• Help me understand 


Listening Behaviors 


When you paraphrase, summarize and reflect back what the other person said, you're actively listening and the other person feels heard and acknowledged. To listen well you give the other person 100% of your attention and show them that their views and feelings are real and important to you. 


Listening Language


  • If I understand you correctly
  • Based on what you just said you must be feeling 
  • Do you mean...?
  • What do you mean by... 


Disclosing Behaviors


Disclosing is about having the courage to open up and share your uncertainty, past mistakes, and own experiences. When done well it creates safety and trust and the other person is more likely to open and share as well.


Disclosing Language 


  • I need your help…
  • I’m unsure about…
  • I’m feeling really under pressure about…
  • This is a new area for me...


Attracting... Us style


This style, attracting is about working together towards a shared purpose. When you're committed to the objective and the other person is a significant player in the project, you both join efforts and work collaboratively. Used well, attracting sparkles excitement and energy, and people feel driven to reach the goal and move forward.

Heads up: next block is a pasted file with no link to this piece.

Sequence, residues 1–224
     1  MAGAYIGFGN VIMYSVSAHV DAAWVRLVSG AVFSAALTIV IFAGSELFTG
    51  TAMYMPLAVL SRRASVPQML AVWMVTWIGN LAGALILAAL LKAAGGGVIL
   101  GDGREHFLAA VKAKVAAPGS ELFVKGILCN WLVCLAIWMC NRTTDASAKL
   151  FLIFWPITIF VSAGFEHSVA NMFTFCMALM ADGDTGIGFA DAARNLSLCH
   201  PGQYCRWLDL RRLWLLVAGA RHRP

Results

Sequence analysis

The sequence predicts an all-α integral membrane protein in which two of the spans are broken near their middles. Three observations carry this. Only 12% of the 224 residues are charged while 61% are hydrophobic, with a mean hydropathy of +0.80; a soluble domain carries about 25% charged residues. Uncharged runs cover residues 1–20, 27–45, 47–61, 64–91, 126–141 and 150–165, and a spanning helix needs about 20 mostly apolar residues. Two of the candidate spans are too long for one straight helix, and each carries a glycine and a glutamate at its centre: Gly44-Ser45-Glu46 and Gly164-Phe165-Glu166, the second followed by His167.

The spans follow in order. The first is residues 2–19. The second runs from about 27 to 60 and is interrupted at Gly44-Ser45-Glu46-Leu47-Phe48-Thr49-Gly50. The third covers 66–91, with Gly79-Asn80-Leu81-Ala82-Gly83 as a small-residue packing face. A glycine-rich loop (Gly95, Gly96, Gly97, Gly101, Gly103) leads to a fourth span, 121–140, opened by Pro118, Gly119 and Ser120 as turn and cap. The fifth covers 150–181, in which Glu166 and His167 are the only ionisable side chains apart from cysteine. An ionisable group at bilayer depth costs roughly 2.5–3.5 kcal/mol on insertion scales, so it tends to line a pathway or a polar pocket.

Attracting involves 2 behaviors:  Finding Common Ground and Sharing Visions. 


Finding Common Ground Behaviors 


This behavior involves finding and pointing out shared ideas, interests, beliefs, values, and experiences, which brings you closer to the person you want to influence. When done well, you create the environment that allows you to work together and come together.


Finding Common Ground Language


  • We both believe in...
  • We share a concern about 
  • Remember last year when we
  • With your experience in x and my ability in y...


Sharing Visions Behaviors


Sharing visions implies that you create a picture in the other person's mind of a compelling shared future. Sharing visions well brings you and the person you want to influence together and generates excitement about the future and the possibilities ahead. 


Sharing Visions Language

  • Imagine us...
  • Picture this
  • A year from now we can 
  • What I see us doing